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Dictionary of Plant Names, Allen J. Coombes (1985)

Rich and fascinating in their own right, scientific names add greatly to the pleasure of natural history, commemorating both its roots in ancient history and the scientists who have laboured to systematize and classify the living world. So you can move from Achillea millefolium, “the thousand-leafed (medicinal) plant of Achilles” to Lonicera hildebrandiana, “Hildebrand’s plant of Lonitzer”. Achilles will need no introduction; Adam Lonitzer (1528-86) was a German naturalist and A.H. Hildebrand (1852-1918) a British plant-collector. I was disappointed at first to learn where Lonicera came from, because it’s an attractive name that I thought would have some suitably attractive meaning in Latin or Greek. After all, the most famous member of the genus is L. periclymenum, or honeysuckle.

But beauty from banality is appropriate enough for plants, and there are countless beautiful meanings elsewhere. Strange ones too, like Lycopersicum esculentum, “tasty wolf-peach”, a.k.a the tomato, and Dranunculus muscivorus, “fly-eating little dragon”. That last plant reveals one of the book’s minor flaws, however, because it’s also listed under its alternative name of Helicidiceros muscivorus. But the listing refers you straight to D. muscivorus and you’ll have to go outside this book to find out what Helicidiceros means (“the helical plant with two horns”, apparently).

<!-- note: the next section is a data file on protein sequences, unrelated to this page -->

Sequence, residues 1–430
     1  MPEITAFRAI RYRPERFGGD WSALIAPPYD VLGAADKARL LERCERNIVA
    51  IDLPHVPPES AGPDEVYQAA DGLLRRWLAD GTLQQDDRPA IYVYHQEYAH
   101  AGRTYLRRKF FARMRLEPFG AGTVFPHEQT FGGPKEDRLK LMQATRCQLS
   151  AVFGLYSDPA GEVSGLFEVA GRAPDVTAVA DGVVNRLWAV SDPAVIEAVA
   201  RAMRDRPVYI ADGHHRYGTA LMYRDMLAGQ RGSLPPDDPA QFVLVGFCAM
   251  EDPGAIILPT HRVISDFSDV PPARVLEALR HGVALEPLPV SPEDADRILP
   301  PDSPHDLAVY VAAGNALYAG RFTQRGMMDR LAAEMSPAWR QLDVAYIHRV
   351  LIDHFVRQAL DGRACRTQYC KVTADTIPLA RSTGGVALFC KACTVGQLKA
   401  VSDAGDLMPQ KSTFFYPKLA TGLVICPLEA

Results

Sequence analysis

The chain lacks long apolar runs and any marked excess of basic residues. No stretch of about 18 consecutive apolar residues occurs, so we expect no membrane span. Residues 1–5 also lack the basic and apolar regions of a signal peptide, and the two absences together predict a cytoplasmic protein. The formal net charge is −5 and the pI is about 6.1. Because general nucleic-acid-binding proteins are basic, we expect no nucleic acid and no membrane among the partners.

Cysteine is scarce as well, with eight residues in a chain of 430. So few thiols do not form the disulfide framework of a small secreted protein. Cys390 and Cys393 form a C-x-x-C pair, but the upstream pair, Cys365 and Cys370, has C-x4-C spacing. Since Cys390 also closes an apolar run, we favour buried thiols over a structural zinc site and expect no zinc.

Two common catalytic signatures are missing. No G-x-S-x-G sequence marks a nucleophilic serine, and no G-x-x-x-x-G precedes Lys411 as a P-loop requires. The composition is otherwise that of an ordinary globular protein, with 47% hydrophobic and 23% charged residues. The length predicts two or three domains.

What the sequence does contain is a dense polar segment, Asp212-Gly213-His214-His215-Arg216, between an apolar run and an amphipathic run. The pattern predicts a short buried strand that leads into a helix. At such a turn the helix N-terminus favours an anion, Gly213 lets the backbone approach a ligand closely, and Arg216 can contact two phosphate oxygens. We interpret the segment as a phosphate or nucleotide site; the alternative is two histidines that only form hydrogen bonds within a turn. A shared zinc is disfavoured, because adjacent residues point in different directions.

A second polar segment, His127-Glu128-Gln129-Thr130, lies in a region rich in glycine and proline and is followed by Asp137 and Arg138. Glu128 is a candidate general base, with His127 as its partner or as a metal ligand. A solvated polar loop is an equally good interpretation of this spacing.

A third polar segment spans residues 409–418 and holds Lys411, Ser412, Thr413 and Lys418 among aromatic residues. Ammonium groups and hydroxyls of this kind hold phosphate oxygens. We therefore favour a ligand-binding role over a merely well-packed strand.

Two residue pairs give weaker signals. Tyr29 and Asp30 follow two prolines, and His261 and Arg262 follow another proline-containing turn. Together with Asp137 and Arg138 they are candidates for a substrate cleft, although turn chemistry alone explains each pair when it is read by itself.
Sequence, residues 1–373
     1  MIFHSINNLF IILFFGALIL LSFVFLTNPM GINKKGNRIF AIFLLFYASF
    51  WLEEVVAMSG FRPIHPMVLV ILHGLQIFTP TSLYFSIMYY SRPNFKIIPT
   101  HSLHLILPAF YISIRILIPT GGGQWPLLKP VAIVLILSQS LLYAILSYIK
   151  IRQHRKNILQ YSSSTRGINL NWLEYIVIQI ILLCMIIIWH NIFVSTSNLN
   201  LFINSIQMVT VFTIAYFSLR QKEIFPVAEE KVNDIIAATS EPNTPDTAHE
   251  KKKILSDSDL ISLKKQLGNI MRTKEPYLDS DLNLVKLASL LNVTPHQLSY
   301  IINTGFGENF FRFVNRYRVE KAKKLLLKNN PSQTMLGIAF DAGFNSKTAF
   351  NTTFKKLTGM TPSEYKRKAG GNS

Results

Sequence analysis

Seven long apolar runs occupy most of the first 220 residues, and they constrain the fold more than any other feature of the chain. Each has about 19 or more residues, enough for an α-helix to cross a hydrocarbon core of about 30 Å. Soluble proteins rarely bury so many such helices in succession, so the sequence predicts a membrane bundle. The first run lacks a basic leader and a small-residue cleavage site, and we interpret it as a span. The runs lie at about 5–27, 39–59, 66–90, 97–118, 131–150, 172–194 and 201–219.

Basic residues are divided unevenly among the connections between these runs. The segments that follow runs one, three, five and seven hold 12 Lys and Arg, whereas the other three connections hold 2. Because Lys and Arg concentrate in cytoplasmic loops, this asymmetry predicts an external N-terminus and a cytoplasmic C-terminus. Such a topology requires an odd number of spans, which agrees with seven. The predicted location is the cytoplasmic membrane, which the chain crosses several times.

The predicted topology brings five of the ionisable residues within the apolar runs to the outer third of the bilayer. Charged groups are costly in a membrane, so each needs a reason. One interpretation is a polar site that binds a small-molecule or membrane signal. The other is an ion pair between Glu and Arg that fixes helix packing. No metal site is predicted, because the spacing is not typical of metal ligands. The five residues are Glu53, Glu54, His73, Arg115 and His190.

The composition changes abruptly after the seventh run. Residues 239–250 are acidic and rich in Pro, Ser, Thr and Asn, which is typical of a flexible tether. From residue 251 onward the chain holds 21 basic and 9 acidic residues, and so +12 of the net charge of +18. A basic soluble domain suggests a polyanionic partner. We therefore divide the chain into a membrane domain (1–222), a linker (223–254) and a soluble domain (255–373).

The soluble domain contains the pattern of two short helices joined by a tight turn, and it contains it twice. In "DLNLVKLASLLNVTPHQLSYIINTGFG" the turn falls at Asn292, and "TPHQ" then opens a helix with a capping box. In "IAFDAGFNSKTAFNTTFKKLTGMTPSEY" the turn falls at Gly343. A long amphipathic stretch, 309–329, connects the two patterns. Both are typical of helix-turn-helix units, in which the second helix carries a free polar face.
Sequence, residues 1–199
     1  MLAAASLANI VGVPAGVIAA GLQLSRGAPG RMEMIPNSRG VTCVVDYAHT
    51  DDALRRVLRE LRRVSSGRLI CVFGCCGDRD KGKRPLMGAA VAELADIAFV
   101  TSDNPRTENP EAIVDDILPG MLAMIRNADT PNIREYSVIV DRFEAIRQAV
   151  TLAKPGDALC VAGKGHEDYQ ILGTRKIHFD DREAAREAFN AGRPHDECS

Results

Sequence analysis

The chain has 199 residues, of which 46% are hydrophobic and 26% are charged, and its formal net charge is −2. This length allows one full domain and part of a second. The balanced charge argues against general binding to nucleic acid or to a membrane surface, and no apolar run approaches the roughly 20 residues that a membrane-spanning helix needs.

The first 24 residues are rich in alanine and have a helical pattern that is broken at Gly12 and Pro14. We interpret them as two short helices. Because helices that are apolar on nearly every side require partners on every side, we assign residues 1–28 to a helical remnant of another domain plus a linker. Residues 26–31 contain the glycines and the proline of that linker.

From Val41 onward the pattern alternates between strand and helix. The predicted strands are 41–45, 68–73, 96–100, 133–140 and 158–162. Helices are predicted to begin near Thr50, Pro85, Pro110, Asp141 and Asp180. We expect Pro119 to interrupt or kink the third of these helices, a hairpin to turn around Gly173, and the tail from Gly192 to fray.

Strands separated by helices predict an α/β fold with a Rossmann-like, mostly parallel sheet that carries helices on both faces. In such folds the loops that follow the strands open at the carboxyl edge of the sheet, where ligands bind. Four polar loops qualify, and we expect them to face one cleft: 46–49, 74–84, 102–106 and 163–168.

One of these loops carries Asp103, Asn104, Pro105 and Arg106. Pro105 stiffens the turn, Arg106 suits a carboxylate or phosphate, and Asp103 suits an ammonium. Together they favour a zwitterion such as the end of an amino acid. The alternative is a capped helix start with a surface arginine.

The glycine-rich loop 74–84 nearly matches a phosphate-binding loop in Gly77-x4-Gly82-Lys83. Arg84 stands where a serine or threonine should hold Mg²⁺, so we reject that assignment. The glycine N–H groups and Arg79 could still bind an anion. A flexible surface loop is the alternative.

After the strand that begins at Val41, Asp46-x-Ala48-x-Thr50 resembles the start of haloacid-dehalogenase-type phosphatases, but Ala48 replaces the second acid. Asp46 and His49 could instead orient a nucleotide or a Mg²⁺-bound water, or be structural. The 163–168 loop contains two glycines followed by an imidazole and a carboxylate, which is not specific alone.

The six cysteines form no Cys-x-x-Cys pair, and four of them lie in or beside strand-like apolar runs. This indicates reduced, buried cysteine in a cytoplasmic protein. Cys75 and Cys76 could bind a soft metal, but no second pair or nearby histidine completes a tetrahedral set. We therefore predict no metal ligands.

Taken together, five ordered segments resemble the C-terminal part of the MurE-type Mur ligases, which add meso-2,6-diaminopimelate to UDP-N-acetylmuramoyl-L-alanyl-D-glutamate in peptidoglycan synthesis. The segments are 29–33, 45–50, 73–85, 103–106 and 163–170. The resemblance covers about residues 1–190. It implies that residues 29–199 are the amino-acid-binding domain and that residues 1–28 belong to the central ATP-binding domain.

That apart, Dictionary of Plant Names should fascinate and delight any serious gardener or plant-lover and almost all of the names vanish into mystery in the end, because even the ones that have millennia of written history in Latin or Greek go back into many more millennia of prehistory.

The man ultimately responsible for this feast of mystery and meaning, beauty and strangeness, was the Swedish naturalist Carl Linnaeus (1707-78), who invented the binomial system — generic name with initial capital (Achillea) plus specific name in lowercase (millefolium) — and who commemorated himself in his favourite plant, the delicately beautiful Linnaea borealis, “the northern Linnean”, whose common name is “twin flower”. It was a humble choice for the greatest of all systemizers and classifiers, but humility is a Christian virtue (albeit a little-practised one) and Linnaeus was a staunch Protestant.

That isn’t a coincidence: Protestantism was one of the foundation-stones of modern science and though that wasn’t necessarily good either for Protestantism itself or for the wider world, it may reflect the more introverted psychology of northern Europeans. As God and our relation to Him slowly slid off-stage, the natural world slid on and we eventually discovered that we were part of it. The staunchly Protestant Linnaeus led to the agnostic Darwin, the agnostic Darwin to the staunchly atheist Dawkins. Orbis redit in orbem — “the cycle ever repeats” — but science can still offer quiet aesthetic pleasures as it marches us back towards fanaticism and worse, and you can find some of them in books like this.

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